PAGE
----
“Lily woke with a small gasp. It was dawn—it had to be, because Lily always woke at dawn. Never earlier, never later. The moment she woke, she felt relieved; they had slept and lived safely through the night, without getting attacked. She looked at the fire. It was dead, though faint smoke still rose from the layer of ash where they’d piled up logs and twigs the night before. Lily glanced at Clary, whose eyes were closed. Even in her sleep, Clary wore an expression that said danger. Suddenly, a soft, temptingly sweet voice called her name from behind, almost like a whisper carried to her ears by the morning breeze. Lily whipped around, laying eyes on a small opening in the overgrowth through which a barren path of soil and rock passed. She would have woken Clary, but something stopped her as he got to her feet and began following the pathway. She walked slowly, the leaves crunching beneath her soft-soled pumps. The gentle breeze, the warm weather, and the voice calling her name—what could have been more inviting? The trees parted as she walked through the forest, but she was too enchanted to be alarmed by such an unusual happening. The flowers on the trees began to bloom as she passed by them, and began to sprout from the cold damp floor of the Dark Forest. But nothing about flowers in the Dark Forest seemed unusual to her. She came upon a pool, the smooth layer of still water glimmering in the sunlight—the sunlight that didn’t at all seem out of place to Lily in the forest she had known to be dark and decaying—it called out to her to come and break the smoothness of the surface, create a ripple, and disturb the stillness of the water. And all of a sudden she was bending down, into the shining pool, which grew brighter the closer her face got to it—and it was then, at once that she saw, coiled inside the beautiful light the ugliest thing Lily had ever seen. Its teeth bared, eyes ravenous like red rubies. She realized what it was, and the uncanniness of what she’d just witnessed hit her all at once. But it was too late to go back. The pool sucked her down into itself, and she fell into the water demon’s trap.”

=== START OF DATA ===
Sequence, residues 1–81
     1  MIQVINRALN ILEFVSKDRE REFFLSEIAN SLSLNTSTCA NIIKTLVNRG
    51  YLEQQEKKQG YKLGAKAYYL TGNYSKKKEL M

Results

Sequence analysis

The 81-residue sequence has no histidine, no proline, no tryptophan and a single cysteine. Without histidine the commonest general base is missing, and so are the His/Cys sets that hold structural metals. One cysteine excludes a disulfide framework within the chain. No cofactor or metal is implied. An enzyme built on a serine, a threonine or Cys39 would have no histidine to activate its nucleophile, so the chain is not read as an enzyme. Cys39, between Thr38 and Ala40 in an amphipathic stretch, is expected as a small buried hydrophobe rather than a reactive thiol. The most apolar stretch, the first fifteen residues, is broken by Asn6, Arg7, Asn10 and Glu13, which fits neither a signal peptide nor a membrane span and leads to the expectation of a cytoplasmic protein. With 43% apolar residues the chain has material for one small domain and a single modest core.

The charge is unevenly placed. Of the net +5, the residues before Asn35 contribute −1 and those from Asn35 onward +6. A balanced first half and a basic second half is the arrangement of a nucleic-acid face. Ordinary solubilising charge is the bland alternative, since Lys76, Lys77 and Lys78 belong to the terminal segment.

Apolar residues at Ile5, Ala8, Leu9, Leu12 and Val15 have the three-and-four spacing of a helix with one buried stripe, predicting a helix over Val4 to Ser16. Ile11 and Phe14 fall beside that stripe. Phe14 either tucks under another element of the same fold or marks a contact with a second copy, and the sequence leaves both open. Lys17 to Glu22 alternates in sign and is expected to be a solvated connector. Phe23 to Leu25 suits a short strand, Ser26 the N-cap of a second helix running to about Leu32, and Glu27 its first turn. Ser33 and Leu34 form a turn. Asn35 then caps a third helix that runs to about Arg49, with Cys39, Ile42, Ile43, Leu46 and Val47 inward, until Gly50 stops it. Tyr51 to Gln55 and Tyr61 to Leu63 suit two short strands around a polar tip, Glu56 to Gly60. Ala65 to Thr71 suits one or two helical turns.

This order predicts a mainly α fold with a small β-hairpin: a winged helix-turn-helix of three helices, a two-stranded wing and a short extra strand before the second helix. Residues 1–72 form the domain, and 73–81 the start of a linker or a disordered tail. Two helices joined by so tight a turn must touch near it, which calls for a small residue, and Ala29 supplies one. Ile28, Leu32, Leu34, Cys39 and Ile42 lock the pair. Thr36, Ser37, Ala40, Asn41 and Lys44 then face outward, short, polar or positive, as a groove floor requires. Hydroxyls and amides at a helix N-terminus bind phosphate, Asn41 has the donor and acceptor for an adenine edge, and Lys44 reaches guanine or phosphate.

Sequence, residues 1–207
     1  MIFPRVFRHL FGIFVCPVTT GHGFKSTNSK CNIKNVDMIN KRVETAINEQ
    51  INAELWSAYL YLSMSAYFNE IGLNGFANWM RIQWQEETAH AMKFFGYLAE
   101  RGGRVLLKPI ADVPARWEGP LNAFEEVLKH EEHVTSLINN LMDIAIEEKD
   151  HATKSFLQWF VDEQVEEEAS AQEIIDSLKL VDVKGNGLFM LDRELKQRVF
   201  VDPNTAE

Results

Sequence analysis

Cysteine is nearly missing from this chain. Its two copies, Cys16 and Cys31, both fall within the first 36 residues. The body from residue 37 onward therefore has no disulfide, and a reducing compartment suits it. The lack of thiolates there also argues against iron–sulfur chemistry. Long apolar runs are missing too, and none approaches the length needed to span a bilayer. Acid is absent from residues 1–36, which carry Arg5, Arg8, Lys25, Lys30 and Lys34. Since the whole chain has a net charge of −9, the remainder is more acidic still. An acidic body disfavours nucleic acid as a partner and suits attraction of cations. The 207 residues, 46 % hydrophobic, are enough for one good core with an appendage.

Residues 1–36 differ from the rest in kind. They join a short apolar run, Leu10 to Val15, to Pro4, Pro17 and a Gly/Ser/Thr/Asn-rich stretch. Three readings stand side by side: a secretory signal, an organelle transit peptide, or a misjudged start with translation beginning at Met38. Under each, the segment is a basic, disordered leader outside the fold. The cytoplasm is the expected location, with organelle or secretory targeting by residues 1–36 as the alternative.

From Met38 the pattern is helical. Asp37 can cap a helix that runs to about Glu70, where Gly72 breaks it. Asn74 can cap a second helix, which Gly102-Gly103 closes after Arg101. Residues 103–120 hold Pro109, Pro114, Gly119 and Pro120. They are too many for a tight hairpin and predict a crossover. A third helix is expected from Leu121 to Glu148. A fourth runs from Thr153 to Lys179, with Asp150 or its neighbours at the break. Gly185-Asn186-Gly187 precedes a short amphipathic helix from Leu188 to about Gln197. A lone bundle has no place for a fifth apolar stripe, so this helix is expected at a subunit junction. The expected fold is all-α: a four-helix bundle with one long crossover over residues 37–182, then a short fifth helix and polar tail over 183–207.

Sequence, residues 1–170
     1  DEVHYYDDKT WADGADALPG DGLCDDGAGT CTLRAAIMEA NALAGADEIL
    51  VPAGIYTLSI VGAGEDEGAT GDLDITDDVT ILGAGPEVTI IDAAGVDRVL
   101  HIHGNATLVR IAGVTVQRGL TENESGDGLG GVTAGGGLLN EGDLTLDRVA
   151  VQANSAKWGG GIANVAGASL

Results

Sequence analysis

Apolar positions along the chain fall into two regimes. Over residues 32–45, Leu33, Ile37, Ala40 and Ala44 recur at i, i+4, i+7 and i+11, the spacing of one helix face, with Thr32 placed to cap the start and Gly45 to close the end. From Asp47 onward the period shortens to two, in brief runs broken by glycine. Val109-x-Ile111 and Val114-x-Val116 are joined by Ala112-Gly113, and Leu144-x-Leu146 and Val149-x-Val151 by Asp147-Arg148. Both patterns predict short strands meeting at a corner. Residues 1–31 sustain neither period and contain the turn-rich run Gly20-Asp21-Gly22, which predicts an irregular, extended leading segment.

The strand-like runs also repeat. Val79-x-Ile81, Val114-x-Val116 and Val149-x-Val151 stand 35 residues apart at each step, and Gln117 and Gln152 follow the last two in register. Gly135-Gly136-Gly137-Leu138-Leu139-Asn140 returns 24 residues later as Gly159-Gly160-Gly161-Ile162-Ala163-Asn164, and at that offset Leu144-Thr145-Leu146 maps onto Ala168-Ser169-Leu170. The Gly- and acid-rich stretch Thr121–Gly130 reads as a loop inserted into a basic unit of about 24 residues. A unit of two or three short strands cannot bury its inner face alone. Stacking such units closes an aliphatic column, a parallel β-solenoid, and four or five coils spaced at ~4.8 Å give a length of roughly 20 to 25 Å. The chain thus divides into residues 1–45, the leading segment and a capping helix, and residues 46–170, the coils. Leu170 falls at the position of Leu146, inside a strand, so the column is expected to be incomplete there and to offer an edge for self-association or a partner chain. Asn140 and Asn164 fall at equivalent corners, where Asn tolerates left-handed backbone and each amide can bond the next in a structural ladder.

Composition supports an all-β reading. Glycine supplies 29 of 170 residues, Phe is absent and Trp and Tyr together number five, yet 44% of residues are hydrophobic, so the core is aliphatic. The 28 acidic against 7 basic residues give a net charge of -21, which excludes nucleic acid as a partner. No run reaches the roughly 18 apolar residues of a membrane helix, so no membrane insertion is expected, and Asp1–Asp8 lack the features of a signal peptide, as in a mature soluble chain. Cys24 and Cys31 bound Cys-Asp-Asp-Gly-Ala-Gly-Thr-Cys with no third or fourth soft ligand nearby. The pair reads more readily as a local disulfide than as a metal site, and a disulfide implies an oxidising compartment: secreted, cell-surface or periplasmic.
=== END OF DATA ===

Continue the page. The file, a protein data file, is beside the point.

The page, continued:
“Black was her favorite color. She loved it firstly because she loved the silent nights in her village punctuated by the chirping of the crickets, and she loved looking at the sky, the stars equidistant from each other. She had learned that it was very rare for the stars to be equidistant. Secondly, because darkness was so silent that she could think of new ideas and new things in abundance, without someone reading her thoughts by reading her face.”



“The writer knew he had to stop. He had to stop. He had to stop but he never wasted his time and kept on writing. His flickering candle created an island of light on the table, and his quill scratched across the parchment. He dipped and wrote, splashing ink but not caring. His country was in danger and he alone knew it. The Sun God had trusted him with this, so he wrote not with his own will, but with that of the Sun God himself. The writer finished filling his parchment and without revealing his identity, neatly folded the paper. He slid it into an envelope and sealed it and slipped out of the castle. The night air was cold and there was complete darkness. The hooded writer raked the dead autumn leaves that coated the grass before his hut by the treeline, and then, letter in hand, crossed the forest over to the river bank…”


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